Exploring the science of plants, from the field to the lab

Transplants: New Jersey Lichens Find New Home at NYBG

Posted in Interesting Plant Stories on April 30, 2015 by Science Talk

Jessica L. Allen is a graduate student at the Commodore Mathew Perry Graduate Studies Program, and James C. Lendemer, Ph.D., is an Assistant Curator at the Institute of Systematic Botany, both at The New York Botanical Garden. Lichens are their primary research interest.


This composite image shows, on the left,  a lichen-covered tree in a healthy forest in the Black Mountains of North Carolina and, on the right, how most trees in New York City look.
This composite image shows, on the left, a lichen-covered tree in a healthy forest in the Black Mountains of North Carolina and, on the right, how most trees in New York City look.

Most trees and rocks in New York City look naked, while trees in wilder parts of the United States wear a vibrant, colorful coat. What causes that? It’s because after centuries of changes to the environment, many lichens have been pushed from our urban or suburban landscapes and into the wilderness.

Lichens are fungi that, in addition to forming beautiful mosaics on trees and rocks, are critical to maintaining healthy environments. Unfortunately they are also extremely sensitive to air pollution and disturbance. That is why if you grew up in New York, and many other cities, you might think that bare trees and rocks are normal.

The good news is that, like the oysters that are slowly returning to New York harbor, there are more lichens in New York City now than there were 30 years ago. Yet there are still hundreds of species that were once found in the metropolitan area and are no longer here. We decided to investigate whether or not more lichens could survive in the city if we just gave them a little help getting here.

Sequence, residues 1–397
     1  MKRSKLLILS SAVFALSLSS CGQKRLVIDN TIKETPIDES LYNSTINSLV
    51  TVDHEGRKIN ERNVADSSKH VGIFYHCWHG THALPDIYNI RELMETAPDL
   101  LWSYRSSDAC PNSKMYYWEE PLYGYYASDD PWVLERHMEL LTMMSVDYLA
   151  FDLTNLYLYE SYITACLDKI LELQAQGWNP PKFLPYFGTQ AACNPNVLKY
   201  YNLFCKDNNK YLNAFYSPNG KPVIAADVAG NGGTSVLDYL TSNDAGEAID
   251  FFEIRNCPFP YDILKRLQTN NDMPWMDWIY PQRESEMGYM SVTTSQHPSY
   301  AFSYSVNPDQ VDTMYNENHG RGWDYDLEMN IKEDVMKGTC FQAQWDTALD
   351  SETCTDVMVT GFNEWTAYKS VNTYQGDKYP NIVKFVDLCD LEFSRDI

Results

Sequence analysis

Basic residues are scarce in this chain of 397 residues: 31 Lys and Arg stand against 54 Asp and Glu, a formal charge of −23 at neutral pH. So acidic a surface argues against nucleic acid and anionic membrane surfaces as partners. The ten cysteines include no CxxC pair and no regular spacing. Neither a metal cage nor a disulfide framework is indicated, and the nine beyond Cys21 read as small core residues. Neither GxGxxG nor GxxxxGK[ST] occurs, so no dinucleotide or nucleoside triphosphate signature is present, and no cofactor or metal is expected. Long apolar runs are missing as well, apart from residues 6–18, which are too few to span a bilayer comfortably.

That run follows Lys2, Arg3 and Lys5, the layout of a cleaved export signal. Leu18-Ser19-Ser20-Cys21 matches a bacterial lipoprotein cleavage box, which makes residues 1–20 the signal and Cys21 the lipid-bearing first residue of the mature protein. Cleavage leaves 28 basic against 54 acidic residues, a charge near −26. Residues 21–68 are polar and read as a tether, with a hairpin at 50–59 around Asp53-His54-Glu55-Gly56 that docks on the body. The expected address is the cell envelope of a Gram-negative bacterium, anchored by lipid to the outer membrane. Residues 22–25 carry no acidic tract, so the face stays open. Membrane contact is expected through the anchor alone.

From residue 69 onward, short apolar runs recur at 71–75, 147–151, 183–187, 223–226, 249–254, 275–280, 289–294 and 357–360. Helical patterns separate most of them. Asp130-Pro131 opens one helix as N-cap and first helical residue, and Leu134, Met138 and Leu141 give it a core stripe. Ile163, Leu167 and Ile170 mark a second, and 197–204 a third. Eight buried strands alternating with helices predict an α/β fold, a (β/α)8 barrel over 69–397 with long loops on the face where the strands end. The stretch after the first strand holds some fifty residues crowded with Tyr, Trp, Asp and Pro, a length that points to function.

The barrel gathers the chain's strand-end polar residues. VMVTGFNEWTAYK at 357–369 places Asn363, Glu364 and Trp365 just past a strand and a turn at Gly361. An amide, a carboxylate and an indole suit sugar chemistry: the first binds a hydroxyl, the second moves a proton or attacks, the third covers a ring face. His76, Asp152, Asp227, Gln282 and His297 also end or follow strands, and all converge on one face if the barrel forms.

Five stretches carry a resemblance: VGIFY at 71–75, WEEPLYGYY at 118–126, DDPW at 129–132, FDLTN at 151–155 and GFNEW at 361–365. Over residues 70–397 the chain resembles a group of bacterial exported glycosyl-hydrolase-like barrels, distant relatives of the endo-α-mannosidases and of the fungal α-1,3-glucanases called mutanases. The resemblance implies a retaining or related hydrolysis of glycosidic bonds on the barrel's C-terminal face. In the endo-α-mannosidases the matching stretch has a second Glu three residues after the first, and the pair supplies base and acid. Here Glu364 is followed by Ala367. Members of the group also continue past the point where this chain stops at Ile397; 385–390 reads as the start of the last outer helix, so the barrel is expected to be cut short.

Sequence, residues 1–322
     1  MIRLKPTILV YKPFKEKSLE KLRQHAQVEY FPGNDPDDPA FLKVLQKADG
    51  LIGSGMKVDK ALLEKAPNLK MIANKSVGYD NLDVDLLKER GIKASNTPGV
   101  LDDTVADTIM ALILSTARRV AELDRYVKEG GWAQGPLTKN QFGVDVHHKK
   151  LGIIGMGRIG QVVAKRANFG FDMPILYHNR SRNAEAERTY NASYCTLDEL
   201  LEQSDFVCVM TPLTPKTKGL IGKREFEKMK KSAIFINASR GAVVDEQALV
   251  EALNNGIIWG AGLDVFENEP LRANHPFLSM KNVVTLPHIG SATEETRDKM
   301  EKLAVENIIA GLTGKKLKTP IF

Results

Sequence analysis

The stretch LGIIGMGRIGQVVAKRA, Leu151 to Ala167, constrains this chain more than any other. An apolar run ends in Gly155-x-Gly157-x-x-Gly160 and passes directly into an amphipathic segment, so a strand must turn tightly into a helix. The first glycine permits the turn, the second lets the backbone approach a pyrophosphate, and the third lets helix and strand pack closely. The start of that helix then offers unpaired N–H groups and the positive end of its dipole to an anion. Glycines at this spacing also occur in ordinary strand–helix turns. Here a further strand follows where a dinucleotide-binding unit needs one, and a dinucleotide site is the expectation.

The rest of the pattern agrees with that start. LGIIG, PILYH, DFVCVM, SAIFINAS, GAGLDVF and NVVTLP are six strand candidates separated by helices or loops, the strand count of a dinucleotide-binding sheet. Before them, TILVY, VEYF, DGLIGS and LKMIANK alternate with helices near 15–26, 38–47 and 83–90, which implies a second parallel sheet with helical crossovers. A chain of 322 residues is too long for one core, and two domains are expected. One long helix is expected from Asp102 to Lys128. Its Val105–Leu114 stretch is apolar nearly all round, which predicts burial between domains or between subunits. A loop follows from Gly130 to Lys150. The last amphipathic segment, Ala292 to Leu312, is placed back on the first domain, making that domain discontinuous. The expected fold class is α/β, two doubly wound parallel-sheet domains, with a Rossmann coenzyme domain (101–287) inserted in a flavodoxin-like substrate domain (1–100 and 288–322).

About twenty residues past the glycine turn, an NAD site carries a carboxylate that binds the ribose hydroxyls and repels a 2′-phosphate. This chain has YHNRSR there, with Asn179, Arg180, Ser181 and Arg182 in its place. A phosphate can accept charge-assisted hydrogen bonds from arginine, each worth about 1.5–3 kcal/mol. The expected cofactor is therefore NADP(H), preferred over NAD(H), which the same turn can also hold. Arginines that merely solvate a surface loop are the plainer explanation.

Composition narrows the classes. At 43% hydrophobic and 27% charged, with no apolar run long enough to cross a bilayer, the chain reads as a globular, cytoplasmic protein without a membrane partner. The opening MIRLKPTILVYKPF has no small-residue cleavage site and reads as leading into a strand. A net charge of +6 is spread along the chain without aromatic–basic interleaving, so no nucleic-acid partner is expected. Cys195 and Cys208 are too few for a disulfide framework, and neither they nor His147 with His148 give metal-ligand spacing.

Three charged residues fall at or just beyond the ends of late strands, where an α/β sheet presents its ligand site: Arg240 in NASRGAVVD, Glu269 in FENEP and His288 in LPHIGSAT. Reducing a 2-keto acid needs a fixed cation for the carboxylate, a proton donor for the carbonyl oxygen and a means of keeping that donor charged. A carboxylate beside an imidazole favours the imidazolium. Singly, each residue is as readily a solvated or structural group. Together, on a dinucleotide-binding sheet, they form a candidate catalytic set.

James Lendemer examining a reindeer lichen transplant
James Lendemer examining a reindeer lichen transplant

We recently traveled to the Rutgers Pinelands Field Station in southern New Jersey to gather samples of two lichen species that once grew in New York City but haven’t been seen for more than a century: reindeer lichen (Cladonia subtenuis) and old man’s beard (Usnea strigosa). After a two-hour drive back north, we transplanted them to their new home in the Thain Family Forest at The New York Botanical Garden.

We “planted” the reindeer lichen on a tree and branches that had fallen to the forest floor. We also attached the old man’s beard to a tree, but in addition we hung some from fishing line to see if pieces of it that break off will form new colonies.

Has our air quality improved enough for these species to survive? How will they fare in the forest? Stay tuned to find out how they’re “lichen” their new home over the next few months.

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